Head librarian Eileen Veideman delights young members of the Sicamous Parents and Tots group with one of her favourite books.

After 33 years, head librarian ready to turn the page

Eileen Veideman to retire in February, but will continue to be a regular at the Sicamous library.

However the Sicamous library has changed over the years, one constant has been Eileen Veideman’s love for reading books to children.

This likely won’t change next February when Veideman retires from her job as head librarian.

“It’s my talent – I don’t know what you want to call it,” said Veideman of reading with kids. “I’ve always loved kids and children. I even do storytime with my own grandson. He loves books. I’m really lucky that he loves books.”

Veideman said storytime readings and summer programs geared towards youth rank high among the highlights of her 33-year career at the Sicamous branch.

“The little people are my favourite,” said Veideman. “I wanted to be a teacher and it just didn’t work out that way, so I’ve got the best of both worlds.”

Veideman said her decision to retire has to do with wanting to spend more time with family (her grandchildren in particular), and a desire to take on new adventures. Also, she just knows it is time.

“Someone told me that I would know when it was time to retire, and that is the honest truth,” said Veideman. “When I decided to do it, I notified my supervisor and I felt great. But I’ve had a long run; 33 years is a long time.”

Veideman was raised in Vernon and, after graduating from college, began her professional career there – though not behind a reference desk.

“I ended up with a job with the Vernon Irrigation District – I was there until I got married, and then I had to move to Sicamous,” said Veideman. “And then, all of a sudden, I looked in the paper one day and they were advertising for a librarian… So I applied and I got the job and the rest is history.”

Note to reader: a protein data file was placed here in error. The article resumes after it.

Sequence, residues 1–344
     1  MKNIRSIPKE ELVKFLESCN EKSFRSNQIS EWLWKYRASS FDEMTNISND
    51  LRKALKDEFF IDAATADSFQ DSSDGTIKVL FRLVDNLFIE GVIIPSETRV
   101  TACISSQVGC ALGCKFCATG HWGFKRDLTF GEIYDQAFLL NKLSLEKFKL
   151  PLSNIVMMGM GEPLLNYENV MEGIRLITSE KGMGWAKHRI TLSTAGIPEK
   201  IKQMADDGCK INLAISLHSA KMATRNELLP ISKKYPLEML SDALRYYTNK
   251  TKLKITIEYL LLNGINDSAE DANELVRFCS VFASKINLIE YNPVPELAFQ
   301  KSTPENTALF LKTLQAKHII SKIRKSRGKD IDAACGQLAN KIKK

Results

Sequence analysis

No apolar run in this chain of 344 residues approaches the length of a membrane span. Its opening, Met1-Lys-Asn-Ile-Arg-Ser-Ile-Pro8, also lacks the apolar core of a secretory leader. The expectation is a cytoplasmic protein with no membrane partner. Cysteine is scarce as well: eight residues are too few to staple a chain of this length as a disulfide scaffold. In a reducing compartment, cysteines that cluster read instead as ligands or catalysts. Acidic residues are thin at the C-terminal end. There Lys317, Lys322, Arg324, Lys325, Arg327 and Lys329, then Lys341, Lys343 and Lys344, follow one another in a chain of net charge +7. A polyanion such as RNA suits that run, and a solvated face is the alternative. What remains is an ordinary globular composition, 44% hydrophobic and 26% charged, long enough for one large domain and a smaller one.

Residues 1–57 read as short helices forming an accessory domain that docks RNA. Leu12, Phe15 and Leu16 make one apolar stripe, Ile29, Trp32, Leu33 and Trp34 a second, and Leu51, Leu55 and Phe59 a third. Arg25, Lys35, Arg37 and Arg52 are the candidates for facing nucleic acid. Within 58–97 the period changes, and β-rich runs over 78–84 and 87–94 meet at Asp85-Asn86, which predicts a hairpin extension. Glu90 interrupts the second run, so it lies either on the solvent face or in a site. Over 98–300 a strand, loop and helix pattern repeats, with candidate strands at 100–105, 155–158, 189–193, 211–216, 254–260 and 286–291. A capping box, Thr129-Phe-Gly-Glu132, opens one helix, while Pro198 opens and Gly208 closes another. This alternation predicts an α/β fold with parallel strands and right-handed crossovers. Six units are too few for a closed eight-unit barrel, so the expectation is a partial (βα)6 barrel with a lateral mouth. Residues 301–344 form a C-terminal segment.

When Veideman started with the Sicamous library, the branch was located at 444 Main Street, where Inkz Design Solutions is currently located. She guesses the library had around 2,000 books at the time. From there, the library moved to the Parkland Mall, and the number of books available for circulation increased to around 6,000. In 2011, the library returned to Main Street, moving into its current location in the district civic centre. Veideman said the number of books stayed about the same, but the floor space grew significantly.

“I bet this is the most beautiful library in the whole library system,” said Veideman, referring to libraries within the Okanagan Regional Library system. “I haven’t visited them all yet, but it’s beautiful in here, I love it.”

Veideman has become accustomed to change at the library, and not just in terms of its location. Computers, especially, have played a huge role in transforming not just how librarians do their work, but also the way people read. But, despite the growing popularity of E-books, Veideman is among those who would rather turn, than tap over a page.

“I prefer to have a book in my hands – but then I’m from the old school. And I think it’s important, especially for the young children I read to, that they are in book form…, said Veideman. “I think there will always be something new at the library as the years go on.

“I’m still going to be coming once a week to visit the library and take out books. I’ll just be on the other side of the counter, that’s all.”